Summer 2006

Transplant Patient Profiles

Tara Rojas, Pancreas-Kidney Transplant Patient

When patients talk to Tara Rojas, an administrator with the UCSF Beta Cell Transplant Program, they know they have found a sympathetic ear. A former diabetic who spent two years on dialysis, Rojas received a combined pancreas-kidney transplant in 2001. She has been an enthusiastic cheerleader for beta cell replacement ever since. "I never believed I'd have a life without diabetes," she said.

Rojas, 42, said she felt "instantly better" after her transplant and wanted to give back something to the world of diabetes. With extensive administrative experience in health care settings, she convinced UCSF to hire her to help set up its fledgling pancreatic islet transplant program.

Even though she loves being part of the transplant team, Rojas reduced her work hours after the program was set up. With the birth of her first child, a daughter, 14 months ago, she needed the extra personal time. "Since my transplant, I've been able to do everything I dreamed of doing," Rojas said.

Ivan Barriga, Islet Cell Transplant Patient

"It's a different life without having to take insulin," said East Bay resident Ivan Barriga. The Wells Fargo mortgage consultant underwent two infusions of pancreatic islets — the first in January 2004 and the second in August 2005.

With the first injection, control of his type I diabetes improved dramatically. With the second injection, he was able to do away with insulin injections altogether.

Barriga's islet transplant was the first to be performed in Northern California. In the procedure, pancreatic islets, which contain insulin-secreting beta cells, are retrieved through extensive processing of a cadaver donor pancreas. They are then injected into the patient without need for major surgery. Most patients require several infusions of islets to achieve insulin independence.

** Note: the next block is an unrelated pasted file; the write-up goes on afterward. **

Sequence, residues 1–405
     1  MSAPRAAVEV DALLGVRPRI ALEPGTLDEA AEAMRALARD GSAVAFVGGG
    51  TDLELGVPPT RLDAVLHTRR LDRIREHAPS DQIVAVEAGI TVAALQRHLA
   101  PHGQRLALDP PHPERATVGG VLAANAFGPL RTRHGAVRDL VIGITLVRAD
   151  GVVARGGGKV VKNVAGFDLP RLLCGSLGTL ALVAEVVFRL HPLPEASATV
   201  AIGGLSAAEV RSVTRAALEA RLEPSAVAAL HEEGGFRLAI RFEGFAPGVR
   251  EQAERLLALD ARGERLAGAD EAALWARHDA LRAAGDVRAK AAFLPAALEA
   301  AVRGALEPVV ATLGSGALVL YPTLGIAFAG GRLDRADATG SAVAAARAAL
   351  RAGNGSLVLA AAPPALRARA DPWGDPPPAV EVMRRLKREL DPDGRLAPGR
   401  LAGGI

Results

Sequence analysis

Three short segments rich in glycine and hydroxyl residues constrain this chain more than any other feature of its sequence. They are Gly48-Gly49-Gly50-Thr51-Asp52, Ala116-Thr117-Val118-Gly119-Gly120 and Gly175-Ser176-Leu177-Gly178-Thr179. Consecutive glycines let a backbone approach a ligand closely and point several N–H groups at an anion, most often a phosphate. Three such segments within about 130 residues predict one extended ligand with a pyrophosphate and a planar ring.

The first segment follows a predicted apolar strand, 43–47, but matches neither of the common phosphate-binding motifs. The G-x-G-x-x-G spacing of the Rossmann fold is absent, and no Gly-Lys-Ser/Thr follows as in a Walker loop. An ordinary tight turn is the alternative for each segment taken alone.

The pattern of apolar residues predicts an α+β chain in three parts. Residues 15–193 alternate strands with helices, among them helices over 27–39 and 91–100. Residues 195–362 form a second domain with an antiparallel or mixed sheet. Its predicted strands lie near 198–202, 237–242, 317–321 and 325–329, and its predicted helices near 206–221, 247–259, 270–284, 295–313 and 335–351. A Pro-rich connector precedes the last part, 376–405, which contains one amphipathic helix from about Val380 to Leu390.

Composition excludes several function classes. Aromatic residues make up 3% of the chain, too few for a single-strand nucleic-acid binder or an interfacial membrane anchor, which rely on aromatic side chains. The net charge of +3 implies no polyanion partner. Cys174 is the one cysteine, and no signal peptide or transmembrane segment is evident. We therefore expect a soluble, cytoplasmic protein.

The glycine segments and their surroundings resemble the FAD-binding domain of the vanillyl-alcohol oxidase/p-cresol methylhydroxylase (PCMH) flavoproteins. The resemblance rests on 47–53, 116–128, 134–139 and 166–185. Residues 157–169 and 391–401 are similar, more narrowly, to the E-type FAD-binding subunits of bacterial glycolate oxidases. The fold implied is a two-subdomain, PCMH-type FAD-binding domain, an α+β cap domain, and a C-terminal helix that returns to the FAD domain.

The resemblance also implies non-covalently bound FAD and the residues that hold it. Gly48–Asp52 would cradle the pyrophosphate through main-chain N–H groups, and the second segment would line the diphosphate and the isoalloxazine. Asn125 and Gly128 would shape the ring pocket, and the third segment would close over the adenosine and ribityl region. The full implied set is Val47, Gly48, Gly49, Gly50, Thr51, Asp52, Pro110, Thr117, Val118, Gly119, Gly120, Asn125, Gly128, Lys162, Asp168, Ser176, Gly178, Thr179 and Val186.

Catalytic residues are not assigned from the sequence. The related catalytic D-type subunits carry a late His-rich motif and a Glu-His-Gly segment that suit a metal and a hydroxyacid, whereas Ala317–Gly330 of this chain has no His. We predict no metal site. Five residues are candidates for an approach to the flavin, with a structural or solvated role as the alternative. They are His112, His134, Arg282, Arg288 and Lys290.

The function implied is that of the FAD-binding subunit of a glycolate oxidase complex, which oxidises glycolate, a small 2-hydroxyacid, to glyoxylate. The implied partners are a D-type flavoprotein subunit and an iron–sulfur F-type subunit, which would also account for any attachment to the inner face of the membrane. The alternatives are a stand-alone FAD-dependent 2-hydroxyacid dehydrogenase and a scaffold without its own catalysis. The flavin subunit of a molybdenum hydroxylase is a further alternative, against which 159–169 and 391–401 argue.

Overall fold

The islet transplants have been a life-saving procedure for Barriga, 36, who was diagnosed at age 18 with type I diabetes. He was among the subgroup of diabetics who have great difficulty controlling their blood sugar levels. His body did not give the usual warning signs that his blood sugar was falling.

Instead, it would drop rapidly causing him to lose consciousness. Emergency room visits were all too frequent, Barriga said. All that has changed since his transplant. "It's a miracle," Barriga said. "You can't imagine what it's like."

Related Information

News Releases

UCSF Heart Transplants Cited for Excellence
The UCSF Heart and Vascular Center has been designated a center of excellence in heart transplants by Blue Cross and Blue Shield in California.

UCSF Medical School Among Nation's Best
The UCSF School of Medicine is among the nation's top 10 medical schools in seven of eight specialty programs in an annual ranking of U.S. News & World Report.

UCSF Receives Stem Cell Training Funds
UCSF and 15 other California institutions received the first year of funding for a three-year program to train stem cell scientists.